- The first time the user report a crash he doesn't have an ID, so your crash server generate an ID for your user. The user backup this ID and the next time he reports a crash he uses this ID.

- In the case your user uninstall / reinstall your app you can save this ID in the registry or something like that.

- The user config changed, you log every hardware / software information in your database and you have to check that every entries have the same configuration.

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What abt the scenario when the user formats his PC, then installs the app again? That's why I want to have several IDs, each tied to a unique aspect of the machine state.

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So when the user uninstall the application, erase all reference to his previous ID.

You can also make your ID with the version of the dll/application you are using (opengl.dll, Directx.dll, fmod.dll, windows version...) as "primary keys" in your database design and not only using a single field as an ID. So if the user formats his PC and not updating his drivers you have a new ID...

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Why? I want the hID to be constant: if he formats 10 times and installs the apps 10 times and have it crash every time, I want to see 10 minidumps related to the SAME MachineID.

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Quote:
Original post by Starfox
Why? I want the hID to be constant: if he formats 10 times and installs the apps 10 times and have it crash every time, I want to see 10 minidumps related to the SAME MachineID.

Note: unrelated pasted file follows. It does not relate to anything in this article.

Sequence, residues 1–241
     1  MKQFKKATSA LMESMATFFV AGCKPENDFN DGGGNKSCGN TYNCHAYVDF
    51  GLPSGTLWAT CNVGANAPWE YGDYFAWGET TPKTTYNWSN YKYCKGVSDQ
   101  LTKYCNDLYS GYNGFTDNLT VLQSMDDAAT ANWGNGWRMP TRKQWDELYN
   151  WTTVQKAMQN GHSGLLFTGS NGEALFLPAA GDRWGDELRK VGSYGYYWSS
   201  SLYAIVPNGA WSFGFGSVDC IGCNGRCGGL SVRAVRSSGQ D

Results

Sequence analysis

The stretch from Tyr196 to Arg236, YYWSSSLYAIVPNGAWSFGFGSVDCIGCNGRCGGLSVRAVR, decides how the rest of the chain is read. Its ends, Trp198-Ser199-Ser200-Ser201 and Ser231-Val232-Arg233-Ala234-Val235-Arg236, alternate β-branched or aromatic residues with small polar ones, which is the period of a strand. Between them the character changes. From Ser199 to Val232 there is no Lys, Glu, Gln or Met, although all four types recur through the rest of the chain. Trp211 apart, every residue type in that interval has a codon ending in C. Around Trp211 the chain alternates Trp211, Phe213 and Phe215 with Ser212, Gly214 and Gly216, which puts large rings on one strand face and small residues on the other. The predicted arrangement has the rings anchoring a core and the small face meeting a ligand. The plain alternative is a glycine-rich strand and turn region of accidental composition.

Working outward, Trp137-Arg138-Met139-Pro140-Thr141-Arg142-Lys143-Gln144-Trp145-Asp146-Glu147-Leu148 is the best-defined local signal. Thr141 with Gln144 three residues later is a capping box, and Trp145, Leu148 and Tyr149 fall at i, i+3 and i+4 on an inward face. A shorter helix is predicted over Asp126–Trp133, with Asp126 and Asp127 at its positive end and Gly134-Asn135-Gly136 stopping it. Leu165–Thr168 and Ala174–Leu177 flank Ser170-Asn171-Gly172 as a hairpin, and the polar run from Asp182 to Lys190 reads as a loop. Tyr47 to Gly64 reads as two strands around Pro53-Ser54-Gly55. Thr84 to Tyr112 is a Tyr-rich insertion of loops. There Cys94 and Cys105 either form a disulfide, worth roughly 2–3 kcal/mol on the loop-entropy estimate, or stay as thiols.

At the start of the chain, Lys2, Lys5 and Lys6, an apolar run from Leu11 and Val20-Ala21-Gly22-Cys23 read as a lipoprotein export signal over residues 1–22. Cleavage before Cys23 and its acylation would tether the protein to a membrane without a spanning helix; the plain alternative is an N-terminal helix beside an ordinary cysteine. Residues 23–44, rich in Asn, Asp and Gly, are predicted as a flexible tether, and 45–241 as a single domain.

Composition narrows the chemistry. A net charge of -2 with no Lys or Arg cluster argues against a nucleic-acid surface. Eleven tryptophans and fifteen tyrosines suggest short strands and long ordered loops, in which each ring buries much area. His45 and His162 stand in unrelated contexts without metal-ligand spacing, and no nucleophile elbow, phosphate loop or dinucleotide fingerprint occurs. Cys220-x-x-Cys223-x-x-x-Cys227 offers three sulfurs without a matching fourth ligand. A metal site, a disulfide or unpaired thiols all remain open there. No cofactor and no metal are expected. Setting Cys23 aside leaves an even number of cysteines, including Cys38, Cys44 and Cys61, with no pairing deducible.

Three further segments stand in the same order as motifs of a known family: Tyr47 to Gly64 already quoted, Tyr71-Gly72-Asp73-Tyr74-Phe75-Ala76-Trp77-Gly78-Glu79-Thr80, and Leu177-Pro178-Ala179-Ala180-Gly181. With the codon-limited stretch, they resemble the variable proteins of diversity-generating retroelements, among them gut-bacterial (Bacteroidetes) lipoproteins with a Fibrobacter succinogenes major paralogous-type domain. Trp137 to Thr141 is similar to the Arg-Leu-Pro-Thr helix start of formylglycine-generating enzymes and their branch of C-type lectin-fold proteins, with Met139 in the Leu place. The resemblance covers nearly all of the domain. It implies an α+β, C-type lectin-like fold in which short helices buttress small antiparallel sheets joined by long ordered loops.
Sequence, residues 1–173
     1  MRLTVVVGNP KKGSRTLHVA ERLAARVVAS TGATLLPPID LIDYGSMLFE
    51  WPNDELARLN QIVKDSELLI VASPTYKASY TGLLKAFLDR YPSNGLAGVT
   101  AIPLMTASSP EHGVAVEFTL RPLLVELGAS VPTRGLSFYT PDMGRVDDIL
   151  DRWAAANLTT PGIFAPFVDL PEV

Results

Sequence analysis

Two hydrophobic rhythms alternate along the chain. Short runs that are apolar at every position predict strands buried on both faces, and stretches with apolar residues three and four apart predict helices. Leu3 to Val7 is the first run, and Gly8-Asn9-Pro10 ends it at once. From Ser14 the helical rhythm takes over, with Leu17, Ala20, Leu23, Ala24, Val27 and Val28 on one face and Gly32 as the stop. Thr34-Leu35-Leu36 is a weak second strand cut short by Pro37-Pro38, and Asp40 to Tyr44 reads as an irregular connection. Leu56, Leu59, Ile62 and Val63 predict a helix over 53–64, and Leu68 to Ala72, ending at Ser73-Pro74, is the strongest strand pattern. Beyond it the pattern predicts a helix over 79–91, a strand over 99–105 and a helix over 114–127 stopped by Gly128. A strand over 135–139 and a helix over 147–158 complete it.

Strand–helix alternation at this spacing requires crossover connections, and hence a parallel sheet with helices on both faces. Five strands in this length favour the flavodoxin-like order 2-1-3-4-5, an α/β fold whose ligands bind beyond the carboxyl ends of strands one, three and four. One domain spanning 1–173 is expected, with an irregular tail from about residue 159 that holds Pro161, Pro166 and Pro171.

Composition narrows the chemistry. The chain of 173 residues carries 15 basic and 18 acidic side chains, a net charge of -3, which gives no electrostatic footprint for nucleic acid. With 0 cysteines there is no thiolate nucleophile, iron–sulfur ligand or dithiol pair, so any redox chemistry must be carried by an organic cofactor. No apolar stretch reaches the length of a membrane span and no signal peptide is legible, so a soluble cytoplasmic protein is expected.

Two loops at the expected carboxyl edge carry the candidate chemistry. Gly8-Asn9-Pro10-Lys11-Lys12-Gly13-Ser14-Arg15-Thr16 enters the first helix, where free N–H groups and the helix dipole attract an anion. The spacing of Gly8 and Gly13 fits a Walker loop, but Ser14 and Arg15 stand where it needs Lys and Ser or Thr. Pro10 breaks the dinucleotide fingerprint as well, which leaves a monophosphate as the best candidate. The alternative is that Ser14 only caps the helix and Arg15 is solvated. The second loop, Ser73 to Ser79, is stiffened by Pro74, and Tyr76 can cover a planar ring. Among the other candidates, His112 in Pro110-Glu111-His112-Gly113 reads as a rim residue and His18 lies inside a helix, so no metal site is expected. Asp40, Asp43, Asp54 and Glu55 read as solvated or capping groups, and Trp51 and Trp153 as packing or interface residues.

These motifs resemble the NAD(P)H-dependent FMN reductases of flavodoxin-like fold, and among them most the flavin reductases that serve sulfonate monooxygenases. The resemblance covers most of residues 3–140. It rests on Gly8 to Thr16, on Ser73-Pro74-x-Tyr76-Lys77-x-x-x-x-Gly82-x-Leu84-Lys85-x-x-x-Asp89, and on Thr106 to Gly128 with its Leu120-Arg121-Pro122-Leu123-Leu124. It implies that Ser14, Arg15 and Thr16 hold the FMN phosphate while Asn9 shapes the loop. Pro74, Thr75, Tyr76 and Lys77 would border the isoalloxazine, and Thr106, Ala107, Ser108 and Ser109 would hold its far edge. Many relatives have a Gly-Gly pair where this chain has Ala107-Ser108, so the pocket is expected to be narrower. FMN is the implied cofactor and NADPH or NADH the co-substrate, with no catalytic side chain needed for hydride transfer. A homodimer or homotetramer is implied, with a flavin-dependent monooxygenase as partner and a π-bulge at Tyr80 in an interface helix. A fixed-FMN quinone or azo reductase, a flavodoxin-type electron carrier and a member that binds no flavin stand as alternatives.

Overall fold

But what if it's two identical big-box computers?
What if one user installs a wireless card before loading a rescue disk?

This is the hard way to solve an intermediate problem.

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That's why I suggested 3 IDs: If the HW ID matches for the crashes, but the machine-unique ID doesn't, then I can easily deduce that this big-box pc has a problem. Of course, SW id will differ between bigbox(tm) running XP and bigbox(tm) running vista, so I'll know that this machine, with Vista, has the crash. See? :D

In short, the system as a whole isn't much useful when split to fewer parts. you need the whole set of IDs to extract useful information (aside with the minidumps and the machine information files, should the user select to send the latter).

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No idea. My question is, what method of enumerating HW is sensitive enough for changes yet yields similar results across, at least, XP and Vista?

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Quote:
Original post by Starfox
No idea. My question is, what method of enumerating HW is sensitive enough for changes yet yields similar results across, at least, XP and Vista?


You should be able to poll the registry, for instance at:

HKEY_LOCAL_MACHINE\SYSTEM\CurrentControlSet\Control\IDConfigDB

However, I don't know if
1. This is at the same place on all Windows OS
2. Whether two different versions of Windows would identify the same hardware the same way
or
3. If there is any consistency or order to the way that hardware is listed here, or if driver information affects the listing

You'll have to examine how this works on different systems, and see what you can and cannot rely on. Now it's time for elbow grease :)